“Curran, quit your bitching. It’s a cake assignment,” he says. “Look at it as a break before you’re back on the job.”
“You sayin’ I can’t do the job?”
Declan’s jaw tightens hard enough to stiffen every muscle in his face. Either I pissed him off, or I’m onto something. “I’m saying it wouldn’t hurt to have more time before you’re back on the streets,” he answers, keeping his voice low. “What happened to Joey isn’t something you just get over.”
“Who’s saying I’m over it? I know I fucked up.” And so does everyone on the force, I don’t add. “That doesn’t mean I’m washed up or can’t do my job.”
Declan’s already stiff posture tenses even more. “I never said you were washed up, or that you can’t―”
“Might as well have.”
“Curran, don’t you get it? It’s not a punishment.”
“Don’t you get it? While you’re sitting here behind a desk, I got dealers and gangbangers offing people left and right―and you’re asking me to play bodyguard to your librarian.”
Declan leans back in his high back office chair, clearly annoyed, but also worried. “She’s not a librarian, Curran. She’s an intern in her last year of law school. She’s helping me with research in the Montenegro case.”
“Like I said, librarian.”
“Jesus. Just help me out, will ya?” he snaps, rubbing his forehead hard.
Ya? Okay, now he’s pissed. Behind that new suit, clean-shaven face, and hundred dollar haircut, my brother’s Philly through and through. One more smart-ass comment from me and the “youz” are going to drop like water ice and his fist will swing my way.
With a groan, Declan pushes away from his desk and stands to face the window. Useless gesture if you ask me. His view is a brick wall. Seriously. But I suppose it’s either that or pace, and his closet-sized office isn’t big enough to take more than a few steps.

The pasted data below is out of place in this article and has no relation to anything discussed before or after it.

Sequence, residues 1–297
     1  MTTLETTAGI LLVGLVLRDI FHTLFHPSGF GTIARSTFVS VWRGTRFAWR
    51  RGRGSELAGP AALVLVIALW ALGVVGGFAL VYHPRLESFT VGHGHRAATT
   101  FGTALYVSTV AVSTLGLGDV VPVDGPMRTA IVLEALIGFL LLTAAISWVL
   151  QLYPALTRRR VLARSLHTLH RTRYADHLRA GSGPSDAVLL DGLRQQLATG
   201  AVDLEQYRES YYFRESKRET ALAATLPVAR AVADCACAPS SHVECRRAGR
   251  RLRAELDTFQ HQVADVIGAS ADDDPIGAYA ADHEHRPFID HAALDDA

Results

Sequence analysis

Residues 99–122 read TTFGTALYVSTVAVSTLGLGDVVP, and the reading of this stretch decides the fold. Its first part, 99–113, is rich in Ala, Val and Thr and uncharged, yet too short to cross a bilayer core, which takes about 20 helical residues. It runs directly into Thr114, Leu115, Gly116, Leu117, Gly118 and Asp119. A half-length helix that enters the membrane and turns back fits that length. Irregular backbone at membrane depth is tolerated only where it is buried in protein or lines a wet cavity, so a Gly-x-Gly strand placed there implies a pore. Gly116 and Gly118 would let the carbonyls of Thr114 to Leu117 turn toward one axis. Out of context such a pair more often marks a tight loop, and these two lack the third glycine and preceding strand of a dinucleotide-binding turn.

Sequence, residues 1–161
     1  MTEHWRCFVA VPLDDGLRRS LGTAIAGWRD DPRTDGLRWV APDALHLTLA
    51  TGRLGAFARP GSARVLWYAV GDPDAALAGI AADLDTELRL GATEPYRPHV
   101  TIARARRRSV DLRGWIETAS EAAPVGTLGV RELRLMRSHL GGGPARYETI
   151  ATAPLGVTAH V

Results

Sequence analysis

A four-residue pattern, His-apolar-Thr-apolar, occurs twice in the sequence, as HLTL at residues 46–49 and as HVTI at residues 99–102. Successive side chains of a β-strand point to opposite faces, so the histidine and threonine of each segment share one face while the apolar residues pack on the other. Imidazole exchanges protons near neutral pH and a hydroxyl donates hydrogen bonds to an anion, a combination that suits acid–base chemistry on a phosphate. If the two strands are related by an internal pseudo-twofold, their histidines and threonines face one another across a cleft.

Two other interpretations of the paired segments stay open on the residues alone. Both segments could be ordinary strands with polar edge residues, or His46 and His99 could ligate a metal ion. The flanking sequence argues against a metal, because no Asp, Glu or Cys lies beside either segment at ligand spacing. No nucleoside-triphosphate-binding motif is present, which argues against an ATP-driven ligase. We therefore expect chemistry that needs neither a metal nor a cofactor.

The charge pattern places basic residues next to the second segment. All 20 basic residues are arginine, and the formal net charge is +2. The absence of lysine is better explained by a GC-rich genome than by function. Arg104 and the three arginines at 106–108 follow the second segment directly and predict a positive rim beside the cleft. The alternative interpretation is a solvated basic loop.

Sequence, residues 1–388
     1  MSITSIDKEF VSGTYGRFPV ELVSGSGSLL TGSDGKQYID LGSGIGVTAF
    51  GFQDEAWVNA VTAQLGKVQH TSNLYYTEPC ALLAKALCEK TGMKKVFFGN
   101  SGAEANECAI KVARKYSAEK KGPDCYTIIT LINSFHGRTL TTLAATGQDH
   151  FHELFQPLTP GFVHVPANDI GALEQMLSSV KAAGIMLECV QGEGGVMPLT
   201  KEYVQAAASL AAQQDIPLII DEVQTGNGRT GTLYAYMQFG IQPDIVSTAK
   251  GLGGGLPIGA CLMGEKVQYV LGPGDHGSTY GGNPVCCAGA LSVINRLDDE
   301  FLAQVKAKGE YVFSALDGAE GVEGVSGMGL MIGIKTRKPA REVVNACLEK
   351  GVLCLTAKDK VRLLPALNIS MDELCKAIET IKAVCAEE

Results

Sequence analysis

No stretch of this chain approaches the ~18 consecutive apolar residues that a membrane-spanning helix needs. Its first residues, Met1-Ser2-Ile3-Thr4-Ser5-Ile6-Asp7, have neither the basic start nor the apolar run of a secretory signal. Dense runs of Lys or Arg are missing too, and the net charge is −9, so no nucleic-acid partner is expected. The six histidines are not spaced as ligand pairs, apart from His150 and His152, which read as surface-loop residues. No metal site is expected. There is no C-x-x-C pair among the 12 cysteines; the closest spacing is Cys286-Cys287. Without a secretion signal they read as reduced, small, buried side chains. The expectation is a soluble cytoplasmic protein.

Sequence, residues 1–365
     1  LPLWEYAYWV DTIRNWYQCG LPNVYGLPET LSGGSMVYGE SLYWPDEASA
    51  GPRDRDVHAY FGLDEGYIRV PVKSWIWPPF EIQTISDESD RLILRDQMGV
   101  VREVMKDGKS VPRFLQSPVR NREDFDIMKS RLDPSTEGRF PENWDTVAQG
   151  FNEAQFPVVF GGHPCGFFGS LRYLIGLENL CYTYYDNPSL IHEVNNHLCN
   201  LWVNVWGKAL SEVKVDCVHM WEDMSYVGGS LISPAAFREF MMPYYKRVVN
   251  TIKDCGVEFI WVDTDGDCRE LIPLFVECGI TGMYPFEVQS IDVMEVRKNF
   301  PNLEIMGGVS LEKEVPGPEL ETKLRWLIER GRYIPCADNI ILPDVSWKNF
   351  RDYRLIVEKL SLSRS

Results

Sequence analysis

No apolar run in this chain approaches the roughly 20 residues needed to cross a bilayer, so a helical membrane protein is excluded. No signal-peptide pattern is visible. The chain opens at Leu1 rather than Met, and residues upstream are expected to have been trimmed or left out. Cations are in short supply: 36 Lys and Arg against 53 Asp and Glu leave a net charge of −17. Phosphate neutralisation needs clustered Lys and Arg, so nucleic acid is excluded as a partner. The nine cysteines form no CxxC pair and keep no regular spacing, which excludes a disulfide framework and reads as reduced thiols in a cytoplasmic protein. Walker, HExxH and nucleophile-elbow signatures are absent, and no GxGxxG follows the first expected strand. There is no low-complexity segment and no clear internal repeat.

The thing is, I can read faces. He knows as much, and doesn’t want me to read his then. “Curran. This is my chance to move up,” he says. “Zabrinski, head of Homicide, is retiring in a few months. I’ve paid my dues, worked the shit cases, and won trials seasoned D.A.s thought I should plead out or walk away from.” He looks at me then. “If I could put Montenegro away, it would upset organized crime from here to Jersey.”
“And seal your position in Homicide,” I finish for him.
“Yeah. It would.”
I cross my arms. “So why the hell do I have to babysit your librarian? If anything, I should be watching your back. You painted a bull’s eye on your forehead by taking on this case. Vincent Montenegro isn’t just a mob boss. He’s a legend only a dumbass would cross.” I roll my eyes at his glare. “Calm your shit, you know what, I mean.”
“Don’t you think I know that? It’s the reason I don’t want anyone else helping me with this case. No other names. No one but me for the mob to target.”
“And no one else to steal your glory,” I add, which earns me yet another glare. “Declan, I know you want the promotion, just like I know you want the street cred. But don’t be stupid and get yourself killed in the process. Let me watch your back. The librarian can get another badge to shadow her.”
“I already have someone watching me.”
I straighten. “One of the boys in blue?”
“Actually a few. They alternate nights. When I’m at the office, or courtside, the detectives and sheriffs here have my back. Contessa will be―”
“Contessa? Is that even a real name?” Declan coughs into his fist in a lame attempt to muffle his laugh. “Damn. If it doesn’t mean ‘I have a stick rammed up my ass’ I don’t know what does.”
My remark only makes my big bro laugh harder. “She’s . . . intense and, at times, rigid, I’ll give you that.”
“Like I said, stick up the ass.”
“She’s a hard worker and a nice young lady, I assure you.”
I assure you, I repeat in my head. Okay, the Philly boy has officially left the building.
“Curran, just take the assignment. From what we hear, Montenegro isn’t going to go to prison without making a lot of noise. The badges assigned to this case have the smarts to watch their own backs, and mine as well.”
“But no one’s guarding that poor homely intern’s back. I get it.”
A sly grin edges across his face. “I never said she was homely, bro.”